时间:2011-08-26 00:18 作者:admin 来源:英伦网
什么时候不宜使用手机Anti-social Behaviour 不合社会礼仪的行为
A leading classical music composer's got so fed up with mobile phones going off during performances that he wants offenders to be fined and ejected from the venue.
When and where is it appropriate to use mobile phones?
Sir Peter Maxwell Davis's call for a zero-tolerance policy has sparked a debate about when and where it's appropriate to use mobiles. But would a ban work?
It's been described as one of the great artistic blights of our time: the ringing mobile phone in the middle of a particularly quiet and moving piece of music, or just as the lead actor in your favourite play is about to deliver his lines… To be, or not to… BEEP!
For some it's a nuisance; for others an act of vandalism. Sir Peter, who is the Master of the Queen's Music, has called it artistic terrorism.
After at least three mobiles interrupted a concert he was attending, he said he'd write to mobile networks to find out how a penalty system could be introduced. Any money raised by the clampdown would go to a musicians' charity.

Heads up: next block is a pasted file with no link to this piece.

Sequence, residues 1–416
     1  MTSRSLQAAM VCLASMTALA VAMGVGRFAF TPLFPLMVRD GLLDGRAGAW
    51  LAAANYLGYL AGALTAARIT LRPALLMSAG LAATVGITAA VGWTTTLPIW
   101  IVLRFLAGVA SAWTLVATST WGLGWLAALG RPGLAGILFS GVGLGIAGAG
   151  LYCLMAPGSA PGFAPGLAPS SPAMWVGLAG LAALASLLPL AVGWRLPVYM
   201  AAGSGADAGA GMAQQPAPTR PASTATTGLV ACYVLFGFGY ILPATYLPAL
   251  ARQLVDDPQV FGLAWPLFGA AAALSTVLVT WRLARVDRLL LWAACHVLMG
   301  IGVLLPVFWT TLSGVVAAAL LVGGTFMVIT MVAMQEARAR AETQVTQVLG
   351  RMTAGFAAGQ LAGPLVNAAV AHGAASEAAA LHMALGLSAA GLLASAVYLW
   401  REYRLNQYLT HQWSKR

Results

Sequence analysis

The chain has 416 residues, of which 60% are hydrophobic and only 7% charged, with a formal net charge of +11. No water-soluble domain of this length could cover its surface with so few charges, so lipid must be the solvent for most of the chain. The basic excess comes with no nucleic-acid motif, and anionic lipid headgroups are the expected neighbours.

But it's not just the ring tones which get up Sir Peter's nose. He also finds people texting and checking their emails distracting and discourteous.
Many agree with his hard-line approach. But others argue that too many stringent rules will put people off going to concerts. Musician and journalist Samara Ginsberg reckons audiences are self-policing anyway. She thinks they let miscreants know very clearly their mobile use is unacceptable. If they do it again they understand ''they'll be strung up,'' she said.
1. Does Sir Peter Maxwell Davis think people who use mobiles at concerts should be removed from the venue?
Yes, he wants offenders to be fined and ejected from the venue.
2. What crime does Sir Peter compare using a mobile in a concert to?
Terrorism. Sir Peter, who is the Master of the Queen's Music, has called it an act of musical terrorism.
3. Does Sir Peter want to get rich from fining people?
No. Any money raised would go to a musicians' charity.
4. Is Sir Peter's approach moderate?
No. Many agree with his hard-line approach.
5. Does everyone agree there's a need to create strict rules?
No. Samara Ginsberg reckons audiences are self-policing.
触犯 (法律和规章的) 的人
a zero-tolerance policy
an act of vandalism
a penalty system
get up (someone’s) nose